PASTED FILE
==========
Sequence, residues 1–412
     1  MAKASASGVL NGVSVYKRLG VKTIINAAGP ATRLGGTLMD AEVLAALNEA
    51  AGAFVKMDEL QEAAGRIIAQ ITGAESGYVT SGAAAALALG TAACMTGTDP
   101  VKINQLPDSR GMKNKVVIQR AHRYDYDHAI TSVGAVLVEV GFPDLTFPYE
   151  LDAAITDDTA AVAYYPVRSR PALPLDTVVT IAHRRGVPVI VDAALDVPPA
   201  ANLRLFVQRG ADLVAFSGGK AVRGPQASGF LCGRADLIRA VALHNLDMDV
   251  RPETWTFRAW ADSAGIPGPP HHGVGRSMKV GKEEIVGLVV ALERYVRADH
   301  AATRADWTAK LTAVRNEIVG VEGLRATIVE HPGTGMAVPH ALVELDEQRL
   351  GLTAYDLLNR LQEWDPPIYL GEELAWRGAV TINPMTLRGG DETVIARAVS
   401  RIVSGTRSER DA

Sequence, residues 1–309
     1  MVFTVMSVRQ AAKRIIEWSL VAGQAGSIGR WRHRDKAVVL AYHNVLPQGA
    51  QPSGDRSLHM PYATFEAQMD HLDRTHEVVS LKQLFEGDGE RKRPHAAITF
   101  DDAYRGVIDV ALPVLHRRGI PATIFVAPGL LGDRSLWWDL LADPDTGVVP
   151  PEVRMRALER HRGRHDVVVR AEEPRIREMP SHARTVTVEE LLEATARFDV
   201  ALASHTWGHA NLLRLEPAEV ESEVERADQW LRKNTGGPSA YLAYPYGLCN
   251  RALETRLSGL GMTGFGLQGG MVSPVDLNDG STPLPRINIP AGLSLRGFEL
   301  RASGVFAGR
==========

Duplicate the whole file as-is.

Sequence, residues 1–412
     1  MAKASASGVL NGVSVYKRLG VKTIINAAGP ATRLGGTLMD AEVLAALNEA
    51  AGAFVKMDEL QEAAGRIIAQ ITGAESGYVT SGAAAALALG TAACMTGTDP
   101  VKINQLPDSR GMKNKVVIQR AHRYDYDHAI TSVGAVLVEV GFPDLTFPYE
   151  LDAAITDDTA AVAYYPVRSR PALPLDTVVT IAHRRGVPVI VDAALDVPPA
   201  ANLRLFVQRG ADLVAFSGGK AVRGPQASGF LCGRADLIRA VALHNLDMDV
   251  RPETWTFRAW ADSAGIPGPP HHGVGRSMKV GKEEIVGLVV ALERYVRADH
   301  AATRADWTAK LTAVRNEIVG VEGLRATIVE HPGTGMAVPH ALVELDEQRL
   351  GLTAYDLLNR LQEWDPPIYL GEELAWRGAV TINPMTLRGG DETVIARAVS
   401  RIVSGTRSER DA

Sequence, residues 1–309
     1  MVFTVMSVRQ AAKRIIEWSL VAGQAGSIGR WRHRDKAVVL AYHNVLPQGA
    51  QPSGDRSLHM PYATFEAQMD HLDRTHEVVS LKQLFEGDGE RKRPHAAITF
   101  DDAYRGVIDV ALPVLHRRGI PATIFVAPGL LGDRSLWWDL LADPDTGVVP
   151  PEVRMRALER HRGRHDVVVR AEEPRIREMP SHARTVTVEE LLEATARFDV
   201  ALASHTWGHA NLLRLEPAEV ESEVERADQW LRKNTGGPSA YLAYPYGLCN
   251  RALETRLSGL GMTGFGLQGG MVSPVDLNDG STPLPRINIP AGLSLRGFEL
   301  RASGVFAGR